Per a press release Xybernaut (remember them? They used to wander around the ESRI User Conference with wearable computers) will be auctioning off its patents to try to raise enough cash to get out of Chapter 11 bankruptcy.
The patents in question are referred to as the Waypoint patents and are about targeted adverising, not wearable computers.
The “Waypoint” patent group sets forth technology and business processes to provide wireless direct mail by sending information to targeted mobile users at specific locations.
The press release seems to suggest that Google or a similar advertising business might want them.
by Adena Schutzberg on 04/27 at 09:56 AM |
Per the AP:
Brunswick Corp. on Thursday said it plans to sell substantially all of its Brunswick New Technologies business unit, which makes GPS technologies and other portable consumer navigation products.
The unit includes Navman - which offer consumer and some fitness GPS products. (I wasn’t a big fan of the one I reviewed.)
The company plans to focus on its core products: marine, fitness, bowling and billiards.
by Adena Schutzberg on 04/27 at 09:37 AM |
Xavier Lopez of Oracle discussed some of the new features coming with Oracle 11 (beta release in the fall; production release in early 2007) at the Oracle Spatial Special Interest Group (SIG) in Tampa. They include:
** OGC OpenLS
** OGC Catalogue Service
** OGC WFS
** SOAP & XML interfaces for all web services
** MapViewer: AJAX Interface
** Oracle Label Security for versioned data
** Additional valid time enhancements – for long transactions
Planned Support for 3D
Server side data management
** 3D Coordinates – vertical datums & accurate height measurements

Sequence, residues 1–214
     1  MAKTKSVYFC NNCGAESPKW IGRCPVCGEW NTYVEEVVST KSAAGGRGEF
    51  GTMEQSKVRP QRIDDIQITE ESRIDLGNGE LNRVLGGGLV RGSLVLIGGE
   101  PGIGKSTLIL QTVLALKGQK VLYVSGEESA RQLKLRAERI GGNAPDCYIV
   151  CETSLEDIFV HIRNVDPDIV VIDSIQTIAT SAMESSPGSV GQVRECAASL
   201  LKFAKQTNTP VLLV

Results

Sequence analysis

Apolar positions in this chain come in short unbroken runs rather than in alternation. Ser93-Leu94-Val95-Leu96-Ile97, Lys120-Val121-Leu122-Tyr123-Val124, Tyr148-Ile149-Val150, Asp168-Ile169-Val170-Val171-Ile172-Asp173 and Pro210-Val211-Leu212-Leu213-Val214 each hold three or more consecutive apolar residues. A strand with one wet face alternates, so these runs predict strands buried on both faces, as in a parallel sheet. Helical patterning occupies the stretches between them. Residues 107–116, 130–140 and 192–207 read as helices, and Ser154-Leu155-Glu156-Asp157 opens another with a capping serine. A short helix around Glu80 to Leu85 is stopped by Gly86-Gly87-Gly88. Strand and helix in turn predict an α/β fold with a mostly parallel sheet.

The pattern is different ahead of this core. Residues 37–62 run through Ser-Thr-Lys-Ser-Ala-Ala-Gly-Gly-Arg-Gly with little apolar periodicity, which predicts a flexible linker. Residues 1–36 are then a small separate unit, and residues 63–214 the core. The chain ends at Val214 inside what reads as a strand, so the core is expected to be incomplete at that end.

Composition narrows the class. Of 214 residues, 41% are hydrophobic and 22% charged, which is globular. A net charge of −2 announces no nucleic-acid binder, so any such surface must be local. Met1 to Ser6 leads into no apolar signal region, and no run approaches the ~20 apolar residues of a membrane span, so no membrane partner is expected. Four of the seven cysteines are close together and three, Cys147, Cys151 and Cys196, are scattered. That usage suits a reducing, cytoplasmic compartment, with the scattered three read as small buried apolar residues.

** 3D types
- Lines & points
- Solids (cuboids, pyramids)
- Surfaces (TIN)
- Points clouds and LIDAR data types
** Indexing and operator support
- Extend the Rtree index to support 3D
- SQL operators for 3d types
- SQL functions for basic 3d Analysis
More details can be found at the Oracle developers technical website: technet.oracle.com/products/spatial
by Joe Francica on 04/27 at 09:34 AM |
MSNBC offers a look at Geospatial Decision Making, aka, GeoDec, a decision making tool that blends many types of real time and not real time data. Part of the hype from the USC project is a glove interface, but the intersting part to me is this:
“You don’t really need to manually create a database,” he [says computer scientist Cyrus Shahabi, one of the leaders of the USC research team.
] explained. “We utilize all the data sources already out there. We ‘wrap’ them so it looks like it comes from our database, but it actually comes from the original source.”
The program also is designed to blend data from the different sources to create a coherent picture rather than a hodgepodge. The usual method for building a computer landscape requires processing loads of laser-ranging data, then struggling to reconcile inconsistencies in the 3-D maps. GeoDec can crank out 3-D maps automatically, using two different aerial images of the same area to add perspective. And the results are produced much faster.
Hmm… sounds like standards would be good, eh?
by Adena Schutzberg on 04/27 at 09:27 AM |
“It can point the way, it can’t make decisions.”
Joshua Schwartz of the Central Vermont Regional Planning Commission on using GIS for locating housing development.
- Barre-Montpelier Times-Argus
by Adena Schutzberg on 04/27 at 08:12 AM |